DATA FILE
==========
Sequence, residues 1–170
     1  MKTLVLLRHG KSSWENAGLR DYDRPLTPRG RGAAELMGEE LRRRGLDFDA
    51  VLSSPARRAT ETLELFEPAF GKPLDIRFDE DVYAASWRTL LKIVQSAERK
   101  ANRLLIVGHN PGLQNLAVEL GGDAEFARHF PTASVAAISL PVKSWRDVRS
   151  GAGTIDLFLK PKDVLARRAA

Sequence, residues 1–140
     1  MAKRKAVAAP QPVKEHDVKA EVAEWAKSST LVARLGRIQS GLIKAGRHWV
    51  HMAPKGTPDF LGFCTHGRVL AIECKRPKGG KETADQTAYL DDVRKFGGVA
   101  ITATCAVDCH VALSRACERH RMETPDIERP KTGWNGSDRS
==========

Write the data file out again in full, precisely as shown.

Sequence, residues 1–170
     1  MKTLVLLRHG KSSWENAGLR DYDRPLTPRG RGAAELMGEE LRRRGLDFDA
    51  VLSSPARRAT ETLELFEPAF GKPLDIRFDE DVYAASWRTL LKIVQSAERK
   101  ANRLLIVGHN PGLQNLAVEL GGDAEFARHF PTASVAAISL PVKSWRDVRS
   151  GAGTIDLFLK PKDVLARRAA

Sequence, residues 1–140
     1  MAKRKAVAAP QPVKEHDVKA EVAEWAKSST LVARLGRIQS GLIKAGRHWV
    51  HMAPKGTPDF LGFCTHGRVL AIECKRPKGG KETADQTAYL DDVRKFGGVA
   101  ITATCAVDCH VALSRACERH RMETPDIERP KTGWNGSDRS